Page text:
Gottheimer Calls for Solutions to Solve the Student Loan Debt Crisis
Forty-seven percent of 18-34 year olds in New Jersey are living with their parents — the most in the nation
Gottheimer Fights to Combat $1.5 Trillion Student Debt Crisis to Boost Homeownership, Lower Debt, Protect Borrowers
WASHINGTON, DC – Today, Tuesday, September 10th, 2019, U.S. Congressman Josh Gottheimer (NJ-5), during a Financial Services Committee hearing with student loan experts, called for solutions to greater protect student borrowers, to hold student loan servicers accountable, and to tackle the $1.5 trillion student debt crisis plaguing our nation.
Today’s hearing comes as more and more Americans are defaulting on their loans, creating long-term financial consequences for both recent graduates and our national economy. In New Jersey, 61% of students graduated with student loan debt in 2017, and 47% of 18-34 year olds in New Jersey are living with their parents — the most in the nation. The Federal Reserve stated recently that roughly 20% of the decline in homeownership among young adults can be attributed to the hefty increase of student loan debt.
“Homeownership can be an incredible way to achieve the American dream, and I’m worried that not enough households are building wealth through homeownership due to increasing student debt. By forcing students to start paying back their loans right after graduation, we are setting our graduates up for failure. A ten-year repayment plan is the most common student loan repayment plan, but it usually takes several years at least after graduation to reach a point where a degree is paying financial dividends,” said Congressman Josh Gottheimer (NJ-5). “Finally, student loan servicers are increasingly omitting or misrepresenting information. We need to be creating clear rules of the road to better protect our student borrowers.”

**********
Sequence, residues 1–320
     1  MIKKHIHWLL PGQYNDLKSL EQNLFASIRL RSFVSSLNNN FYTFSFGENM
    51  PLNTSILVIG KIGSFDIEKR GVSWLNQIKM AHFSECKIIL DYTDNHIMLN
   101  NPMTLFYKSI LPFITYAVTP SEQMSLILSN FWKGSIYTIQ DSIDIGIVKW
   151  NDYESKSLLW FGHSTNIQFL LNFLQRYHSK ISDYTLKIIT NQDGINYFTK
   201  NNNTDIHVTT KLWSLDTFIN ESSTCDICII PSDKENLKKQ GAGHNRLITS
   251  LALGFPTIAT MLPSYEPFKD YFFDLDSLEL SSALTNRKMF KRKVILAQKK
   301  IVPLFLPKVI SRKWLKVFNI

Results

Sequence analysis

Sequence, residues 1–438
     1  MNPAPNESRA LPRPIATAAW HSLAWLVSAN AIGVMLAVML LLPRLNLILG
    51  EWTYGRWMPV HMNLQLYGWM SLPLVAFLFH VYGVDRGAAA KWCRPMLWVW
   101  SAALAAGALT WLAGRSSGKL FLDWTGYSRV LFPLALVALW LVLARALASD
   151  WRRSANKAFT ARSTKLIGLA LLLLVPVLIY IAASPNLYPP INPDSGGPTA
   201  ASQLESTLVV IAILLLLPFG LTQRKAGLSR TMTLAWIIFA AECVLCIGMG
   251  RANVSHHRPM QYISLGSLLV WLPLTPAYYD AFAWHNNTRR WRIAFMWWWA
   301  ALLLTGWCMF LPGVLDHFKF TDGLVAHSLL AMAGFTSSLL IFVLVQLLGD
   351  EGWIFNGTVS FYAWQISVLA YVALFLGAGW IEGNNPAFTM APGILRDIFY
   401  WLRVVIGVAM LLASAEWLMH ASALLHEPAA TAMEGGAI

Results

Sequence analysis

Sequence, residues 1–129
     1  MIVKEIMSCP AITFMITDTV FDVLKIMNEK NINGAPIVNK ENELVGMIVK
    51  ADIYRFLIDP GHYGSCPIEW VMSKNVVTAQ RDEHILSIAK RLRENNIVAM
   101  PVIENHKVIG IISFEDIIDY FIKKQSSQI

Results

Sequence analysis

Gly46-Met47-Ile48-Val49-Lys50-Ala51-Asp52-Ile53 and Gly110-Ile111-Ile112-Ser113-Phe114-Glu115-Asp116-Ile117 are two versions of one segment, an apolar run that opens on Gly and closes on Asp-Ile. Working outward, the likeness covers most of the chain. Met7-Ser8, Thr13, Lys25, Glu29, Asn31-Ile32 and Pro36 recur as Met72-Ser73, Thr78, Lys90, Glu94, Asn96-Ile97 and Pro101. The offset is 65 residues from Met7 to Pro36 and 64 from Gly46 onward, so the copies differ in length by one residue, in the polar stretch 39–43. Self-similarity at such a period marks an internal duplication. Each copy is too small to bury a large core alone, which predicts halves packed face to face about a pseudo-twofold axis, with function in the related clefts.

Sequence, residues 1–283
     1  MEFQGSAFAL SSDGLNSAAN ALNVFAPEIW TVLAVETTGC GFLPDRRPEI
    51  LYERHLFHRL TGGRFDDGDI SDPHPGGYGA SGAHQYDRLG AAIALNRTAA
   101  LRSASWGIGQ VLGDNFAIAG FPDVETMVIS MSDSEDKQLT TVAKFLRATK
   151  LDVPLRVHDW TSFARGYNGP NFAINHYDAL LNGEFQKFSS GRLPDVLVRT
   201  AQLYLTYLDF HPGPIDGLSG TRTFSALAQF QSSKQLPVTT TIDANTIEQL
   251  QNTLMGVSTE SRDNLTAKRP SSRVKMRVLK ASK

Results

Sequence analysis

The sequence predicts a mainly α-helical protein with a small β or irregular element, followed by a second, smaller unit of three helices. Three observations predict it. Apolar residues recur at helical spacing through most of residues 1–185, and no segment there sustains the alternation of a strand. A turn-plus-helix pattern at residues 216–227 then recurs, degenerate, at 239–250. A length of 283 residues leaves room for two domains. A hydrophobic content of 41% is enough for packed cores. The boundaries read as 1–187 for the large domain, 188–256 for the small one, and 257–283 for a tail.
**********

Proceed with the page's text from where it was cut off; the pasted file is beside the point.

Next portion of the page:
The Financial Services Committee has put forth a bill that would direct the U.S. Department of Housing and Urban Development to work with the Consumer Financial Protection Bureau and Federal Housing Finance Agency to review the barriers to homeownership for borrowers with student loan debt and make recommendations for policy changes that will responsibly reduce or eliminate these hurdles.